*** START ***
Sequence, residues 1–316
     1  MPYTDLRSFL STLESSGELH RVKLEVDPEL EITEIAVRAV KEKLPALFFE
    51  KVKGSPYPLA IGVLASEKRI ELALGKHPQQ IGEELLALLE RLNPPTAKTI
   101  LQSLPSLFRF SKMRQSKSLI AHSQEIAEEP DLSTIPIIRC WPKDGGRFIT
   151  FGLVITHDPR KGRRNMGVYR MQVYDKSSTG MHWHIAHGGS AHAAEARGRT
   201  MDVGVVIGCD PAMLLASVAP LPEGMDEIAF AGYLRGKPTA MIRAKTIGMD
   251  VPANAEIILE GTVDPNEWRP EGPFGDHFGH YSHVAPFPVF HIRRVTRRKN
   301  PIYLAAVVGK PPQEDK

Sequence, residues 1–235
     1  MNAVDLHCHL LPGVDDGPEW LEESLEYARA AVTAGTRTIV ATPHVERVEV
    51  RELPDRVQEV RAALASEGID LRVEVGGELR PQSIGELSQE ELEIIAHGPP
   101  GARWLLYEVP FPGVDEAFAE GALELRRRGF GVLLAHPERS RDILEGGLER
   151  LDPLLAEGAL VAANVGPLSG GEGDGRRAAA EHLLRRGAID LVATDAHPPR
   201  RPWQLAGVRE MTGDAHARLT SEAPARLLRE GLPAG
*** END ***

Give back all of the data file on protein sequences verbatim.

Sequence, residues 1–316
     1  MPYTDLRSFL STLESSGELH RVKLEVDPEL EITEIAVRAV KEKLPALFFE
    51  KVKGSPYPLA IGVLASEKRI ELALGKHPQQ IGEELLALLE RLNPPTAKTI
   101  LQSLPSLFRF SKMRQSKSLI AHSQEIAEEP DLSTIPIIRC WPKDGGRFIT
   151  FGLVITHDPR KGRRNMGVYR MQVYDKSSTG MHWHIAHGGS AHAAEARGRT
   201  MDVGVVIGCD PAMLLASVAP LPEGMDEIAF AGYLRGKPTA MIRAKTIGMD
   251  VPANAEIILE GTVDPNEWRP EGPFGDHFGH YSHVAPFPVF HIRRVTRRKN
   301  PIYLAAVVGK PPQEDK

Sequence, residues 1–235
     1  MNAVDLHCHL LPGVDDGPEW LEESLEYARA AVTAGTRTIV ATPHVERVEV
    51  RELPDRVQEV RAALASEGID LRVEVGGELR PQSIGELSQE ELEIIAHGPP
   101  GARWLLYEVP FPGVDEAFAE GALELRRRGF GVLLAHPERS RDILEGGLER
   151  LDPLLAEGAL VAANVGPLSG GEGDGRRAAA EHLLRRGAID LVATDAHPPR
   201  RPWQLAGVRE MTGDAHARLT SEAPARLLRE GLPAG